Lesson Plan one (Ants, Butterflies, Carrion Beetles and Tiger beetles)

Overview: This exercise will promote student awareness of invertebrates and their habitat requirements. Also, it reminds students that humans are not the only species with basic survival needs, such as food, water, shelter, and space.

Audience: This activity is designed for use with middle school students in grades 5-8.


Habitat loss is the number one reason for species extinction. Humans are the biggest contributor to habitat loss. The rates of extinction are increasing causing many scientists to fear that humans are causing the loss of 50% of known biodiversity in the next 50 years. The best way to increase conservation is through education. Students need to understand the relationships that occur between an organism and its environment. The observed relationships should remind them that we (humans) are not the only species with basic survival needs, such as food, water, shelter, and space. Also, knowledge of the benefits that some organisms, like insects, provide should strengthen student’s desire to preserve or restore natural habitats. Together, we hopefully will create chances to decrease habitat loss and increase diversity.

The diversity of an ecosystem is enhanced by the number of available niches (may want to refer to vocabulary). Therefore, if a certain niche is not available a species that is adapted to that niche would not be able to live there. This concept illustrates why some insects inhabit some parts of Nebraska, but are unable to live in other parts. Many researchers have found that it is easier to describe the level of diversity of an ecosystem by surveying the diversity of certain bioindicators. There are specific families of insects that are better suited for this use than others. The identification of these bioindicators and their natural habitats is crucial in evaluating the overall health of the habitat and its diversity.

Before conducting this lesson plan, it is advised that the teacher browse the website and read the “Importance” page to familiarize themselves with the layout and content of the website.

Time requirements: This activity can be completed in, two 50 minute class sessions with a take home assignment to be due at a later date at the teachers discretion.

Objectives: After completing this exercise students will be able to:

  1. Describe general habitat requirements for ants, butterflies, carrion beetles and tiger beetles.
  2. Explain why some species live in a niche that is not suitable for other closely related species.
  3. Explain the importance of habitat conservation.

National Science Education Standards:

Unifying concepts and processes in science

•Systems, order, and organization.

•Evidence, models, and explanation.

•Evolution and equilibrium.

•Form and function.

Science as inquiry

•Skills necessary to become independent inquirers about the natural world.

Life science

•Interdependence of organisms

•Matter, energy and organization in living systems

•Behavior of organisms

Science in personal and social perspectives

•Environmental Quality

•Natural and human-induced hazards


-Individual computers with access to the internet and a web browser, such as Internet Explorer or Netscape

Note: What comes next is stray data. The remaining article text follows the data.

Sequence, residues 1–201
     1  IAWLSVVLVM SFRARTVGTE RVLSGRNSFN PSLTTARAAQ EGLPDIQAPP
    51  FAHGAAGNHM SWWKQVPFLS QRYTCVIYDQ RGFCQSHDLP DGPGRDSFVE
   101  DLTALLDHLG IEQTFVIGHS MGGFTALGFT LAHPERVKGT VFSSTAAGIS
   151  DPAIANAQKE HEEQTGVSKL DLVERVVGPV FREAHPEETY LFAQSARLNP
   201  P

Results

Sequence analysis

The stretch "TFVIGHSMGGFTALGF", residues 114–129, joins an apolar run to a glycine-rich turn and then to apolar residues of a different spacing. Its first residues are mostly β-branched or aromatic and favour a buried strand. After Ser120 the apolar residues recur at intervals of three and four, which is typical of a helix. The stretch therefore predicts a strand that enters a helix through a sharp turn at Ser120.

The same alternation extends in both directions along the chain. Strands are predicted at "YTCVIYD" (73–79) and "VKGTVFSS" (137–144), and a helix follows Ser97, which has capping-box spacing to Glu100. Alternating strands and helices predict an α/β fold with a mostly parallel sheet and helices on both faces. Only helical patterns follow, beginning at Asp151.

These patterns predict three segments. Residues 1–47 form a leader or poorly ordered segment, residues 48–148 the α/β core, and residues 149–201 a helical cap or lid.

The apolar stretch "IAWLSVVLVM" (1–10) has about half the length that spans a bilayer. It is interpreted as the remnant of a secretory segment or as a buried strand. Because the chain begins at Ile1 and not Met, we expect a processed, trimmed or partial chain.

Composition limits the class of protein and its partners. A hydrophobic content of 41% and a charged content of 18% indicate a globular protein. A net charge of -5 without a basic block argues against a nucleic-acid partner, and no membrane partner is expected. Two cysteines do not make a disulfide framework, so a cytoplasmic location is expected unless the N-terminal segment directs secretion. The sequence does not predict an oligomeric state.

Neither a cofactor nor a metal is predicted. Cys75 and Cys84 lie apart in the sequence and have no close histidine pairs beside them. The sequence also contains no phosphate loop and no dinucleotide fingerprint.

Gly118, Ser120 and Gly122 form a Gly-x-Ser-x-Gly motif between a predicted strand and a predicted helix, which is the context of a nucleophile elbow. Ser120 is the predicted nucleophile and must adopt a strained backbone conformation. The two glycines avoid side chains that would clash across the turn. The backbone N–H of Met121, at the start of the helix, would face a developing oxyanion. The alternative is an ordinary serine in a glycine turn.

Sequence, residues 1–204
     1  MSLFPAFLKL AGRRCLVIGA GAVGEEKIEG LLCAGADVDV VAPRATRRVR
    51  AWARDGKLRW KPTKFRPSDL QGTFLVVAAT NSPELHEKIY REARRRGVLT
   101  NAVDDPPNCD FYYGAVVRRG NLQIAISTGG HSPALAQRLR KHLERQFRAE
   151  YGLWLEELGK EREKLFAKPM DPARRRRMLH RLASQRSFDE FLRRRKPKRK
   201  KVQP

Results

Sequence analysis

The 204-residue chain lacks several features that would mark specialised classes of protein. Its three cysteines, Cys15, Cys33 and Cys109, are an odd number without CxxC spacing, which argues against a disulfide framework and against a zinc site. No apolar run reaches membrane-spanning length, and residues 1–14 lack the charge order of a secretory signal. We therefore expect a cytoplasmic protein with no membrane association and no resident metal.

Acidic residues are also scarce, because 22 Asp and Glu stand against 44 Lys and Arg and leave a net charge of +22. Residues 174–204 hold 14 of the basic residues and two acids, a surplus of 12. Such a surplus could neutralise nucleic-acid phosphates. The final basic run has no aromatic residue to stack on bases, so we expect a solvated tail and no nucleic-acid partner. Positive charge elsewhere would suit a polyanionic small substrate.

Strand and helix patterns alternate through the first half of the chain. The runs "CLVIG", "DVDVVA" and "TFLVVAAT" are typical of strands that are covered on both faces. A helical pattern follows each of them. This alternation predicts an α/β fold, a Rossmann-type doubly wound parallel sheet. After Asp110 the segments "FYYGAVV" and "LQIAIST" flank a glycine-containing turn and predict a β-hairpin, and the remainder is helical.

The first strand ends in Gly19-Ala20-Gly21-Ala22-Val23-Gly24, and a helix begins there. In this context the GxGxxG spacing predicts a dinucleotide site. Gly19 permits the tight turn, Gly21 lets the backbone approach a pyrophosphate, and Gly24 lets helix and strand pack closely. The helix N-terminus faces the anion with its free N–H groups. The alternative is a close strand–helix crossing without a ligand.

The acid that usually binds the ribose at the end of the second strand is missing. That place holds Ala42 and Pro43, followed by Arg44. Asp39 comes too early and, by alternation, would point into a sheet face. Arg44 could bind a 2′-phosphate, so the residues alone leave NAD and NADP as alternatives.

-Fill-in worksheets (2 species/genera basic description for each family)

Anticipatory Set:

Present the students with a picture or specimen of Speyeria idalia (regal frittilary) and this scenerio: A farmer has always enjoyed watching these pretty butterflies (numerous enough that many sighting occur over the summer) come visit his family’s vegetable garden in search of food. One year he notices that there were fewer butterflies. The next year he decides to keep an eye out for them (maybe he just wasn’t paying enough attention the year before) and is only able to sight a couple of them. This concerns the farmer because he knows that the decline of some important insect species is an indicator of something wrong or changed in the environment. However, he doesn’t know enough about this species of butterfly. What could the farmer do to find out? What might be causing the decline? Is it important to understand the decline?

After sufficient discussion, tell the students that this endangered/threatened/rare (depending on where you are located) species only reproduces on various violet plants, which are often found in meadows. The destruction of habitats with these plants removes the possibility of reproduction for this species of butterfly. Although we do not know the repercussions of losing this species, it is important to maintain diversity of all life forms because of the intricate web of life. Diversity is often dependent on the habitat conditions of that ecosystem. Therefore, this exercise will focus on insect diversity, habitat requirements, and habitat health.

Procedure and Guided Practice:

1. Direct students to the Ants, Butterflies, Carrion Beetles and Tiger Beetles of Nebraska website at ( Students should read the “Importance” page for an introduction into the site and why invertebrates are investigated.

2. Ask students questions pertaining to the invertebrates/insects, diversity, habitat conservation, bioindicator species. Some examples follow: Why it is important to understand the relationships between organisms and the environment? Do the same rules apply to humans? Do we have the same basic needs? How are insects important to humans and the environment? Are there benefits to preserving or restoring habitats? These are to get the students thinking and realizing the importance of even the smallest organisms in our ecosystems. There are no right or wrong answers to these questions.